Welton “walked through all six stages of The Bulletproof Husband in four months,” Welton’s website states. It adds that Welton’s wife, her psychologist, and Silk “were witness to (Welton’s) transformation.”
Silk said he worked in tandem with the coaching that Welton received, addressing alleged abuse perpetrated against Welton during his childhood. “I have a special set of skills,” Silk said. “It took probably three and a half years for Jon to finally get to the particular broken spot in his character and his heart.”
In June 2021, Welton posted a statement online signed by Silk, which touted Welton’s “transformation.” When TRR asked about the timing — two years and nine months after the probationary board’s work began — Silk did not respond.
Silk also announced in that statement that Welton’s board of advisers had dissolved and that the “limitations that were implemented in the beginning of this process are no longer in place.”
At the time, Silk said Welton “has no plans to re-enter any positions of ministry” and “has agreed to include me in any conversations about any movement in that direction in the future.”
Welton resumed frequent social media posts on his public Facebook page after a nearly three-year hiatus. One of his first posts was to promote Silk’s just-released online course for Unpunishable. Welton also let his fans know that a popular book of his would soon be available on Amazon and that he felt his books were still helpful.
Alleged victims say Welton is serial sexual predator who hasn’t changed
Welton’s alleged victims and former board members remain skeptical of Welton and Silk’s claims of transformation. They say his pattern of predation stretches back more than a decade. And this isn’t the first time Welton has claimed to be a changed man, they add.
In 2011, Welton was fired from charismatic ministry Global Awakening in Pennsylvania, after admitting to sexual misconduct with a female ministry intern. Speaking on his podcast in June 2022, Welton admitted to what he called “a physical affair with an intern.” He said he “spent a year off of ministry and went through a restoration process.”
In 2012, Welton published a book titled Eyes of Honor, and claimed in an interview that he had a “Saul to Paul transformation” in his view of women. That year, Welton also restarted speaking in charismatic churches and conferences and began promoting his nascent online school.
According to Bosco, the former Welton Academy chief operations officer, Welton also began using the ministry as a means of attracting women to abuse.
As online students signed up, Welton recruited staff members from that pool, Bosco said. “He picked out women that matched his preferred look and type,” she added.
At its height in 2016, the multinational online teaching ministry had 11 staff members — nine of them women, mostly in their 20s. Welton’s staff worked remotely in a half-dozen U.S. states and two foreign countries, and were called upon monthly to join Welton on ministry trips and twice annually for large events in upstate New York.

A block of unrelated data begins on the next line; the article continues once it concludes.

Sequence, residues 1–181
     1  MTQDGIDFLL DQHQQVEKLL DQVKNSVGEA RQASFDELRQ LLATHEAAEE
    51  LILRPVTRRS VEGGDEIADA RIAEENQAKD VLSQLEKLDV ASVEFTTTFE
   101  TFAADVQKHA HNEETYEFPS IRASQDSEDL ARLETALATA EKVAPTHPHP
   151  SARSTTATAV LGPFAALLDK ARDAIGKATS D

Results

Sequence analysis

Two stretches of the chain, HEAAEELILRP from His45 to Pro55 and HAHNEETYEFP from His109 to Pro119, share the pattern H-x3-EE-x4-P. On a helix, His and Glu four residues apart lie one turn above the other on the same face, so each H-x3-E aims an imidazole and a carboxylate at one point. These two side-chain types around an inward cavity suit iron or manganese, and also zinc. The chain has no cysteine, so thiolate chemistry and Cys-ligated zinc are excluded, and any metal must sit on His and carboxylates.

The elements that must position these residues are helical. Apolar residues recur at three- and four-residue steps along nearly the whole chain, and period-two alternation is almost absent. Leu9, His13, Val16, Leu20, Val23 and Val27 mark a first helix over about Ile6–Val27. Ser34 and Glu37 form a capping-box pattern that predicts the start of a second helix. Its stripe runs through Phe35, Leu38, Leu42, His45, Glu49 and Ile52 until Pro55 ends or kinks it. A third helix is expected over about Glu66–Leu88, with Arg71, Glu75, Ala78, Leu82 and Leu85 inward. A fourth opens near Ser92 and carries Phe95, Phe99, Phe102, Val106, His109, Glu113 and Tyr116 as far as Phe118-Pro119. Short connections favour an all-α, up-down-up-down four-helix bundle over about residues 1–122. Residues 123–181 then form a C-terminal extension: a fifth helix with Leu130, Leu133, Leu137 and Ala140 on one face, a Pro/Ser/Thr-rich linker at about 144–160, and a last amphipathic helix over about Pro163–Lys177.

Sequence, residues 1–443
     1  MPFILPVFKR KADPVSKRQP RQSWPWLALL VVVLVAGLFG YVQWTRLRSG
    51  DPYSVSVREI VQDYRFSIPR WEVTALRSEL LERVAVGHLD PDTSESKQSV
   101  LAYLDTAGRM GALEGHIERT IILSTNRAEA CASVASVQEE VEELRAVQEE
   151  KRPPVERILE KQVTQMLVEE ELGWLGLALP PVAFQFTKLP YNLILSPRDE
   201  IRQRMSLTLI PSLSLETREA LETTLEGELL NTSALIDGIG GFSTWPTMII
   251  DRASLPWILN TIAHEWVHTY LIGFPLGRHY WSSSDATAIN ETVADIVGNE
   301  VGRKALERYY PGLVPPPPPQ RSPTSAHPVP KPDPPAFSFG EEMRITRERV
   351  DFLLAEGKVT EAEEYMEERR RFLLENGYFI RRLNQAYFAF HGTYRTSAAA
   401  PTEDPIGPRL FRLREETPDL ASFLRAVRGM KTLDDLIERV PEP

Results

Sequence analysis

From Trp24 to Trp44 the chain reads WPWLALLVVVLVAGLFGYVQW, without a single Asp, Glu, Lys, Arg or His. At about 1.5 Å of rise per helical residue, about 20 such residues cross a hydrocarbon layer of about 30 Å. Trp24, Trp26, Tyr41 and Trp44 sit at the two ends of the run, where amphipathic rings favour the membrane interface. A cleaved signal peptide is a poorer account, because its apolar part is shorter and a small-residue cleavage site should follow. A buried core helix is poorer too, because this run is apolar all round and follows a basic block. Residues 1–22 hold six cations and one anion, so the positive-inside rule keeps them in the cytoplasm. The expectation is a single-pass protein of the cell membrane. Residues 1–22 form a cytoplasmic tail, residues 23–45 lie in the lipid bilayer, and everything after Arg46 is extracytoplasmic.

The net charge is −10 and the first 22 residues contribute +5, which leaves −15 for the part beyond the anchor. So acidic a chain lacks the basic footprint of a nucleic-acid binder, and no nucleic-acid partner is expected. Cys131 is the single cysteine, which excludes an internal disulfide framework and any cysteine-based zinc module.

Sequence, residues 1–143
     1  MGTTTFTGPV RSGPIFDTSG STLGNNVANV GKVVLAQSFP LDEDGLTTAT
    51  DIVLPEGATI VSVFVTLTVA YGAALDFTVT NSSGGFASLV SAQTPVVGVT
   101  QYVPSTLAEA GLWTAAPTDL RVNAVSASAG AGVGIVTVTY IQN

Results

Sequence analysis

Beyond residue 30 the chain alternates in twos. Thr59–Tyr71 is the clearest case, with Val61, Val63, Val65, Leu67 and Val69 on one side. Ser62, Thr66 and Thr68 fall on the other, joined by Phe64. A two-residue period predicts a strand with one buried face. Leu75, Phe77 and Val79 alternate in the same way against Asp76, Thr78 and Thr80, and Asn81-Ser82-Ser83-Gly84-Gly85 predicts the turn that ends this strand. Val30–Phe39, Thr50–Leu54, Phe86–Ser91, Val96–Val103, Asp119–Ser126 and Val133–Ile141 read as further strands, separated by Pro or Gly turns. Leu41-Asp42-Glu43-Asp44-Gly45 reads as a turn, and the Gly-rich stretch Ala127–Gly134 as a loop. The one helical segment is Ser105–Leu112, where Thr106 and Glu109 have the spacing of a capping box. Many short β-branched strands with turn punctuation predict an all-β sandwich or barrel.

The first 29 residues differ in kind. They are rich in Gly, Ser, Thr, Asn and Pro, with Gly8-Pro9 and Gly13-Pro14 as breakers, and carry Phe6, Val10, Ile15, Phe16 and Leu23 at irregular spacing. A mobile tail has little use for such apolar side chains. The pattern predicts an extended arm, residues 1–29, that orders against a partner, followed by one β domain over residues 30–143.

Several of those women say Welton used his position to groom and then abuse them.
Bosco recalled that Welton once taught in a staff meeting “how valuable 20-second hugs were to human physiology, like our hormones.”
“We were so naïve, it’s embarrassing,” she said.
Similarly, Gregson, a Bible teacher in California and former member of Welton Academy’s “Fivefold Ministry Council” of advisers, told TRR that grooming was a feature of the theology Welton taught. “The way he positioned himself with the young women was that he was a spiritual father,” said Gregson. “And fathers show affection to their children.”
Bosco said that, upon being named chief operations officer, numerous female staffers told her of Welton’s sexual harassment: “They came to me and said, ‘Hey, Jonathan sends me messages with kissing emojis then tells me to delete them. What should I do?’”
Bosco added that Welton set up a private Facebook group for a select number of female staffers. One alleged victim told TRR that Welton asked the group to “send him a selfie every day for 21 days.” Welton also used that private group to share sexually suggestive memes.
One former staff member, Dawn Weaver, told TRR that Welton repeatedly initiated lengthy hugs, back rubs and hand-holding, which she has written about publicly for years. Weaver left the ministry in August 2016, after an epiphany in prayer.
But she said she was pulled back into Welton’s orbit in January 2017, when she says he touched her in a public setting. Weaver described the encounter in an online article as “psychological and spiritual manipulation.”
These women told TRR that Welton has never substantively apologized to them.
“When he is supposedly apologizing, Jonathan doesn’t mention any of the things that he’s sorry for or the things of which he’s taking ownership,” Weaver said. “It just comes across as very hollow and self-serving.”
Another woman who asked to remain anonymous, “Jane Doe,” was a student from South America in Welton’s online school who was then recruited to be a staff member. The woman told TRR how Welton made sexual advances towards her and touched her repeatedly.